On 18-20 June, Georgian state authorities visited Stockholm to learn about Swedish laws, policies and programmes to prevent and combat violence against women and domestic violence.
“A victim-centred and gender-sensitive approaches, and the existence of victim and witness support units within court system, were among the most interesting things I learnt during the study visit“, commented Salome Shengelia, from the Prosecutor’s Office.
The study visit also included colleagues from the Georgian Ministry of Internal Affairs, the Prosecutor’s Office, the Judiciary, the Public Defender’s Office and the State Fund for the Protection and Assistance of Victims of Human Trafficking.
The study visit programme included meetings with various state institutions and non-governmental organisations, such as the National Organisation for Women’s Shelters and Young Women’s Shelters (Roks), an umbrella organisation that works exclusively with and for women’s and young women’s shelters in Sweden.
Moreover, the Georgian delegation had an opportunity to learn about the Sweden’s national strategy fighting men’s violence against women, efficient police investigation and prosecution of crimes of violence against women, Swedish national data collection system on gender-based violence and support services for survivors of violence.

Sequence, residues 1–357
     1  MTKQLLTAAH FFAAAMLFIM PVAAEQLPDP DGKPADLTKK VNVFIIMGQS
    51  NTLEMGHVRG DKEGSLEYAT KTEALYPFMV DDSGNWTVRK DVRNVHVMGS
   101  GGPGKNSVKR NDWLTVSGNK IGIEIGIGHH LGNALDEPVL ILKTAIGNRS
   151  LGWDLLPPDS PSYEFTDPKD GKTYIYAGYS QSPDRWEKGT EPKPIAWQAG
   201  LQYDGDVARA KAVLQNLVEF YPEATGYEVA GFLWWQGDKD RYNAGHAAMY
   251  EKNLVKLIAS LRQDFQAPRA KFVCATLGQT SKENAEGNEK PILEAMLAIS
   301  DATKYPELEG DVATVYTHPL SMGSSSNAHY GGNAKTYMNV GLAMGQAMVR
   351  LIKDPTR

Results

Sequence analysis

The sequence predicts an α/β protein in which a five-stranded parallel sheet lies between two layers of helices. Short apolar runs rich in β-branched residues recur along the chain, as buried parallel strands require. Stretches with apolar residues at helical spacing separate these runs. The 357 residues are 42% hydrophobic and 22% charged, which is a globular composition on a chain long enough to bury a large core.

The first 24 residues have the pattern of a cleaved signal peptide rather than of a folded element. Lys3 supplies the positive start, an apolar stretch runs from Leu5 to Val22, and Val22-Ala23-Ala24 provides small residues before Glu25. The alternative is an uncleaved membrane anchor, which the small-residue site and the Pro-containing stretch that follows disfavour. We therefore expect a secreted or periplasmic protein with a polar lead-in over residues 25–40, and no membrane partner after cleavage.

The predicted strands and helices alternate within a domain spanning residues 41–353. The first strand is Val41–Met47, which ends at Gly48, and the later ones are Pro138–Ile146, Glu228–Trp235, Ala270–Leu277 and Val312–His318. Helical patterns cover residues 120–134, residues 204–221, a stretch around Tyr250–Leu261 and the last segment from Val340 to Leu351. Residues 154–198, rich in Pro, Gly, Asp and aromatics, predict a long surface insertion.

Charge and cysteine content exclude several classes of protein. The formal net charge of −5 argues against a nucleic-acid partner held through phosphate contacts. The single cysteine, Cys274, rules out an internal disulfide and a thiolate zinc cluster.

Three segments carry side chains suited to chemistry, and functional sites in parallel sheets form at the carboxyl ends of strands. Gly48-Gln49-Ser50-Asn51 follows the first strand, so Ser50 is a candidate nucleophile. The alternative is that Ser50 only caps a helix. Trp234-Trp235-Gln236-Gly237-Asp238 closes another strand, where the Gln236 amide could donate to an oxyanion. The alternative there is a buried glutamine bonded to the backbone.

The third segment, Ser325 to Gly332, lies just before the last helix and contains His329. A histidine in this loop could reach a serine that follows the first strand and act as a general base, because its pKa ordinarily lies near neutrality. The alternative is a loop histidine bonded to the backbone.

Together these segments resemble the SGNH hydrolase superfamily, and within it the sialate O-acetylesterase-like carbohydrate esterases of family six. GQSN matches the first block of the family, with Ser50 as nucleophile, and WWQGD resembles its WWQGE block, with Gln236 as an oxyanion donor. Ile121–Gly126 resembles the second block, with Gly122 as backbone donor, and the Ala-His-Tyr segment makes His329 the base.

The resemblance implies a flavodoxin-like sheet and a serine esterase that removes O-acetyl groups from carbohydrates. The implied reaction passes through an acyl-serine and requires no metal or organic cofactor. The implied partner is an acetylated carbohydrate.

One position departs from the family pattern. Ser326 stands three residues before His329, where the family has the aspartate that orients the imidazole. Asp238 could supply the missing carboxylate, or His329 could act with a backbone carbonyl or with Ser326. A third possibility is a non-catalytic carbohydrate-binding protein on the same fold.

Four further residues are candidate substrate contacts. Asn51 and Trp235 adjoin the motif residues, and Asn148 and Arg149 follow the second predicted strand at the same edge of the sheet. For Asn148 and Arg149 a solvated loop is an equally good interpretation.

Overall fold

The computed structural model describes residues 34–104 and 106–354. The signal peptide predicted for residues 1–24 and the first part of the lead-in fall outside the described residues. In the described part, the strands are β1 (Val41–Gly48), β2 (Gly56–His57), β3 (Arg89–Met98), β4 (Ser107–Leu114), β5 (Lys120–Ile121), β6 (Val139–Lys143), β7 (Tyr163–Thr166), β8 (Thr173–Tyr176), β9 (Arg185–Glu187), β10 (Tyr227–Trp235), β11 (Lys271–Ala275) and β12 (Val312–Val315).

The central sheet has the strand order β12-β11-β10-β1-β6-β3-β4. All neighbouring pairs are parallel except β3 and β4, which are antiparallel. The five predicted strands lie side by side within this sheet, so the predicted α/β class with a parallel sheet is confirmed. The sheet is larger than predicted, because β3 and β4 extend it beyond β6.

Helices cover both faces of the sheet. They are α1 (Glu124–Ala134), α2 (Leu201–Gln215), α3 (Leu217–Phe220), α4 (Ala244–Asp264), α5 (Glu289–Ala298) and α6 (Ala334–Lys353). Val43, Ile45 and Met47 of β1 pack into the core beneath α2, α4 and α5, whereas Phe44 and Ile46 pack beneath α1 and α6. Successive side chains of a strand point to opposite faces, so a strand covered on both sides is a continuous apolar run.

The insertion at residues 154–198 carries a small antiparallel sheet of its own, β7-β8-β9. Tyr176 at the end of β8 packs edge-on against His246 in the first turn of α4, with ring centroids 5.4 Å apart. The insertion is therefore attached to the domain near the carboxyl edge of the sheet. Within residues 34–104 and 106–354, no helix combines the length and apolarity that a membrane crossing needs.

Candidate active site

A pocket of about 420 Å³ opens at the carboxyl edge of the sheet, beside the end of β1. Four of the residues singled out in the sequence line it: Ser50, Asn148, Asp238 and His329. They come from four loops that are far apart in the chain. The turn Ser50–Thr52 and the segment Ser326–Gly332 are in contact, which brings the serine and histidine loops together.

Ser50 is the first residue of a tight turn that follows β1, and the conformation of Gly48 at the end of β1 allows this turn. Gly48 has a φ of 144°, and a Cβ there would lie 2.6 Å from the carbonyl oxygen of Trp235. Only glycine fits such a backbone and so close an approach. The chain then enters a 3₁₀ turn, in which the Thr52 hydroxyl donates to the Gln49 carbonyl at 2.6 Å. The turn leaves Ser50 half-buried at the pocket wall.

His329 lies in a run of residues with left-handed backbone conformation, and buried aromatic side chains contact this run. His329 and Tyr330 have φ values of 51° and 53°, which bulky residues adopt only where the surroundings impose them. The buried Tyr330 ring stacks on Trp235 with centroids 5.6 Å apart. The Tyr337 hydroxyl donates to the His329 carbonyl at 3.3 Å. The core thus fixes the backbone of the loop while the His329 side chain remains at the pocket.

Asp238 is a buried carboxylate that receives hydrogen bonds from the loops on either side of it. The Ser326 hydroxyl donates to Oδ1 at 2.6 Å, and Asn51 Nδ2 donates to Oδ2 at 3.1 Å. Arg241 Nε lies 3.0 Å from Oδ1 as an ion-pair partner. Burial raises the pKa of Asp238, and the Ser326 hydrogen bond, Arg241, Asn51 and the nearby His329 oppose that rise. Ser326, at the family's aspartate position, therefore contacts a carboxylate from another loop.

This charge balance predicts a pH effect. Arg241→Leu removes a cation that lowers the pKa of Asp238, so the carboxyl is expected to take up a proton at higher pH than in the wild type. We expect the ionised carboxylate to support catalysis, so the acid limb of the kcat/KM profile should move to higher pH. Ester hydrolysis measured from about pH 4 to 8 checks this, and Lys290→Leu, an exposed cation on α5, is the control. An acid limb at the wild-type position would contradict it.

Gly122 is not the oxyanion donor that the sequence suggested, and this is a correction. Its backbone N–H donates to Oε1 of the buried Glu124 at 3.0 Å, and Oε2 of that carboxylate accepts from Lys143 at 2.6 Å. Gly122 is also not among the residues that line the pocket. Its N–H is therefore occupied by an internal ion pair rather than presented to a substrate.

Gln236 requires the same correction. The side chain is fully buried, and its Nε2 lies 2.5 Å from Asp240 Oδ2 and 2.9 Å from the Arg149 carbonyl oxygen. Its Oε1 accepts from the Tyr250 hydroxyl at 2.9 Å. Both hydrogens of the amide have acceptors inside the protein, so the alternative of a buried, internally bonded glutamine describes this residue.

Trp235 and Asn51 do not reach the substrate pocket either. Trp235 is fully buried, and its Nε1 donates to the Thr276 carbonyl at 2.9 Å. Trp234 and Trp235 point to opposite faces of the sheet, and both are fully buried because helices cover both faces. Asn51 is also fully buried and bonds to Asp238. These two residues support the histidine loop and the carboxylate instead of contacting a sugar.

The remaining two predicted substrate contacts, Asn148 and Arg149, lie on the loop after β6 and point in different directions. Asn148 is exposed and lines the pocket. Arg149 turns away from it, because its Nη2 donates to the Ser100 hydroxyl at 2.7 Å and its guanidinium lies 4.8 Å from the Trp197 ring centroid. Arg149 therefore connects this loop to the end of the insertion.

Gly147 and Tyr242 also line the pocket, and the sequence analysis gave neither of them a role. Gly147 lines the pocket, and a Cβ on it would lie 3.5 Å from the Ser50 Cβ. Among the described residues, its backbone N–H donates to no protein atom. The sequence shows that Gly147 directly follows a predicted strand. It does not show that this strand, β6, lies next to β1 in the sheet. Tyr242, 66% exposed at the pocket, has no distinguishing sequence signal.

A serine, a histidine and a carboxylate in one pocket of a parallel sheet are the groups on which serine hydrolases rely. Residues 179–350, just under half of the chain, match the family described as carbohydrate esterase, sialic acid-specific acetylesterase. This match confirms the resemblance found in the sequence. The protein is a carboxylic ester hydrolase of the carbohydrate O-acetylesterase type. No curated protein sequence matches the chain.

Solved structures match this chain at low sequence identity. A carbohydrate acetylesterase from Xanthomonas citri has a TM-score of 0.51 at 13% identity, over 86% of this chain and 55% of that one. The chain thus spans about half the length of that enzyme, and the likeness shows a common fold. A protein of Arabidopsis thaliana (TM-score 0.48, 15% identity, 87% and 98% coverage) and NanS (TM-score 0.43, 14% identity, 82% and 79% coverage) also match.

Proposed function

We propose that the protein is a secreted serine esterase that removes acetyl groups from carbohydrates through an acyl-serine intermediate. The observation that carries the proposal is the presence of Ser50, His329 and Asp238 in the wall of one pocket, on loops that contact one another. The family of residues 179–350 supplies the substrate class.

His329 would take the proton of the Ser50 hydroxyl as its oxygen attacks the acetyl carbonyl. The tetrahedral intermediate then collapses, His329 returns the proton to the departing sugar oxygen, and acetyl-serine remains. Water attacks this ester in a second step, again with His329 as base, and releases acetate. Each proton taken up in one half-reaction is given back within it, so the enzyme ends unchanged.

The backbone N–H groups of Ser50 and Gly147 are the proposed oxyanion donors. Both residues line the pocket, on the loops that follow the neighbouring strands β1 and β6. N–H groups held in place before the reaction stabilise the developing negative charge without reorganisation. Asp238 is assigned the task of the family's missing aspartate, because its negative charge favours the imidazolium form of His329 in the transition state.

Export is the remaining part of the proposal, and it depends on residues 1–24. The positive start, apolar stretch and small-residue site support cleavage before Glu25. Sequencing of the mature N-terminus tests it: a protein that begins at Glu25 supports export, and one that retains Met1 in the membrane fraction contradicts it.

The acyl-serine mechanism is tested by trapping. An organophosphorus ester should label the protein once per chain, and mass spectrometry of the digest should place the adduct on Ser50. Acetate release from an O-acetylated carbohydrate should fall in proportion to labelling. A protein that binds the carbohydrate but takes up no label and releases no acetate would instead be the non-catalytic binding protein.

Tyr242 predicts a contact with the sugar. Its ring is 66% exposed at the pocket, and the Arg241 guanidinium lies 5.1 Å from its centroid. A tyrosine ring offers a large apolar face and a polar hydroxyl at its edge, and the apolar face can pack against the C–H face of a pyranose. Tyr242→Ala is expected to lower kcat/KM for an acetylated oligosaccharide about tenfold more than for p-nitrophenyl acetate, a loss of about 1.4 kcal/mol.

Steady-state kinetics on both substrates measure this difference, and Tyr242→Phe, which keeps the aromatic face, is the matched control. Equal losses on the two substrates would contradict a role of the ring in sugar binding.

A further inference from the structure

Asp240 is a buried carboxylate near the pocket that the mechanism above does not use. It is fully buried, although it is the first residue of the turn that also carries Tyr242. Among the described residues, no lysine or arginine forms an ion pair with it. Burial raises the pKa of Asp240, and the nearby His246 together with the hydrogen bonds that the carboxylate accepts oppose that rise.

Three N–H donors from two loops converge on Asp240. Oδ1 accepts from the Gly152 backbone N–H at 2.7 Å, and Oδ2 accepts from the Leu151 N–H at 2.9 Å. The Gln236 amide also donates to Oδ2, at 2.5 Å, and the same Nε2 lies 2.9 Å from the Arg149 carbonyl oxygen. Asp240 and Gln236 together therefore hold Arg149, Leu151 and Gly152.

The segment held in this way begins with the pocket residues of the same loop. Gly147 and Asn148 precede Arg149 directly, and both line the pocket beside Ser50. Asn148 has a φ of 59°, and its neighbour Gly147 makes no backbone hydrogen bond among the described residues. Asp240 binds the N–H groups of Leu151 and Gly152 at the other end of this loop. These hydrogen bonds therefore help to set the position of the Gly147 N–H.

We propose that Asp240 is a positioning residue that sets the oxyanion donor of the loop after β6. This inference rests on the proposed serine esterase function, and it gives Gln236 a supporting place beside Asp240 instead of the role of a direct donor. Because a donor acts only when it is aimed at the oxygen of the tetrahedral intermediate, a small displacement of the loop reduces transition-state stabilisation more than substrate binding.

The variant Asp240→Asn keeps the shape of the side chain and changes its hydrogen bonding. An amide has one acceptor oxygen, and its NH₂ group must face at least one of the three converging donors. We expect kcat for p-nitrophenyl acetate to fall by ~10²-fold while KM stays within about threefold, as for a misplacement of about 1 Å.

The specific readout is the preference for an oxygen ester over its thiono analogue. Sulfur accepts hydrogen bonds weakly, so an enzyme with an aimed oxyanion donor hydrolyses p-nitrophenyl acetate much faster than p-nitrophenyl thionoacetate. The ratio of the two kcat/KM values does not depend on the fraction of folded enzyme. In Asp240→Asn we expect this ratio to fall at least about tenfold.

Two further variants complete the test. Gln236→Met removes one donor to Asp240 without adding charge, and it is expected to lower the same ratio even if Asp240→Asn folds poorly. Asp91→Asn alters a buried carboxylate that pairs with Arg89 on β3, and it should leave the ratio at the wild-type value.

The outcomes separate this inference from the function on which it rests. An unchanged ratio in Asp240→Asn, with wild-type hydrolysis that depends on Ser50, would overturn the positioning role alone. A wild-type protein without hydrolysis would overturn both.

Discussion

Georgian participants met with Amnesty International Sweden and learned about the main findings of the report ”Time for Change: Justice for Rape Survivors in the Nordic Countries’’. During the meeting, participants discussed challenges in the implementation of consent-based laws on sexual violence. Sweden has adopted legislation which defines rape clearly in terms of lack of consent.
As Deputy Public Defender of Georgia, Ekaterine Skhiladze mentioned, the experience shared during the meeting was extremely useful for their on-going work, as the Ombudsperson’s office, with the support of the Council of Europe, is currently conducting a research on a similar topic in Georgia.
Sweden and Georgia are both parties to the Council of Europe Convention on Preventing and Combating Violence against Women and Domestic Violence (Istanbul Convention) which obliges the states to criminalise sexual violence and define it by the lack of consent rather than the use of force.
The study visit was organised in the framework of the project ‘’Preventing and combating violence against women and domestic violence in Georgia”.